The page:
XM Weather on the iPad

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WxWorx XM Weather Receiver
The system uses the latest version of the WxWorx XM Weather Receiver.

As the iPad quickly gained acceptance with pilots in 2010, aviation apps made great advances, moving from basic document readers to complete in-flight resources. One of the most popular features became the moving map–connect a GPS to an iPad and you could watch your airplane fly right across a sectional or en route IFR chart.

But yesterday’s hot new feature is tomorrow’s bare minimum, and pilots soon started asking for more, specifically datalink weather on the iPad. This proved to be a more complex problem, but by late 2011 some choices had arrived.

There are some ADS-B weather receivers available that make use of the FAA’s growing network of ground stations, but one of the most popular options is Baron’s Mobile Link product. This allows pilots to view XM Weather on their iPad, just like they have for years on portable GPSs, like the Garmin 696.

Let’s look at some of the key benefts:

  • The system works with both the ForeFlight and Global NavSource apps
  • Radar and satellite are overlaid on moving maps, and METARs/TAFs are displayed as part of the airport data page
  • TFRs are also included, allowing pilots to tap on the graphical depiction for more information
  • The Mobile Link connects to your iPad wirelessly via WiFi, so it can be mounted out of the way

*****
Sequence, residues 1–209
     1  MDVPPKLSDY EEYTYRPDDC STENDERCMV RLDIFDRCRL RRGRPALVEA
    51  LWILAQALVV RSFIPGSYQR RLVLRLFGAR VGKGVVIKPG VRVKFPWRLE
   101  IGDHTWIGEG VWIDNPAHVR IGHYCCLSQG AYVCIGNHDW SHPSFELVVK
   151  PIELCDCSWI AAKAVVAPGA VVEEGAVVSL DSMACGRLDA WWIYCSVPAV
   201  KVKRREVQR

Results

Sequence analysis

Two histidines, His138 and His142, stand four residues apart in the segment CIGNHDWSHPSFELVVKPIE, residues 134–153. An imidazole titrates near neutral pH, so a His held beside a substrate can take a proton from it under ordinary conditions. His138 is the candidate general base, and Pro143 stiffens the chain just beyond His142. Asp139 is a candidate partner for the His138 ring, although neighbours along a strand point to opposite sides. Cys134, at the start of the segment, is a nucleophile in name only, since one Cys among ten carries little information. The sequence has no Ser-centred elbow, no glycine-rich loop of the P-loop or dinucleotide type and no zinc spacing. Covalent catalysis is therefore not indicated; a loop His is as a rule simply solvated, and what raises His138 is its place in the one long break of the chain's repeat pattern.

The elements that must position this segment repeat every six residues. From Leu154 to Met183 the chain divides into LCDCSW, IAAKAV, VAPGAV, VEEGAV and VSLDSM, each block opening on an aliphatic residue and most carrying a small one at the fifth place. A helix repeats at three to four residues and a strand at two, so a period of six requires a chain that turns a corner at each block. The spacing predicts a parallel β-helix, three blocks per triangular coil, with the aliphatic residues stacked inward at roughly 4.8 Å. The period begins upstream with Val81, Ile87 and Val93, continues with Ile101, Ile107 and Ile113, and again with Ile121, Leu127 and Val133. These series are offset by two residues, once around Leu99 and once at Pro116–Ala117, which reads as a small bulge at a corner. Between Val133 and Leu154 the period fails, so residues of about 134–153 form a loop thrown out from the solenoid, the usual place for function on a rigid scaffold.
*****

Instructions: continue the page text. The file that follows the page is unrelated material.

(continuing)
• Because it is XM Satellite Weather, you’ll get reception everywhere in the US, even on the ground

How does it work? The Mobile Link box receives data from the separate XM antenna and GPS via a wired connection. It then creates a WiFi hot spot that your iPad can connect to, wirelessly streaming data:

Mobile Link setup

This is quite reliable, but there are a few drawbacks to mention. First, while it’s a portable system, there are a lot of wires to deal with, including a required power cord. Once you find a setup you like, the boxes can be stored under a seat or in the back, and it may be worth your time to zip-tie some of the wires together for a cleaner system. Secondly, there are those subscription fees to pay to XM Weather, which start at $34.99/mo. You can transfer an existing subscription over to the Mobile Link if you already have one with your portable GPS, but this will deactivate your previous receiver. You’ll need two subscriptions if you want to keep both active. One final consideration: the GPS that comes with the system does not show your location on your iPad app’s moving map. You will still need either an built-in iPad GPS or the Dual XGPS150 or Bad Elf external GPS.

One important in-flight tip: make sure you’re looking at current XM data and not old weather you downloaded from the internet before flight. This isn’t always as obvious as it sounds, so double check. In ForeFlight, for example, you’ll see a note at the top left of the Map screen that shows that the weather you’re looking at is from XM. It will also show a time stamp, so you know how old it is. For more detailed information, you can tap the More tab, then Devices. You’ll see detailed status information for any of your external devices, including Mobile Link:

ForeFlight devices page

The complete package includes an XM Weather antenna, the Mobile Link wireless transmitter, GPS antenna and all the required cords. This package costs $1,124. Note that if you have an existing WxWorx XM antenna (not a Garmin “hockey puck”), you can just add the Mobile Link product (about $200) and save on buying the whole kit. Complete information about the Mobile Link system is available here.

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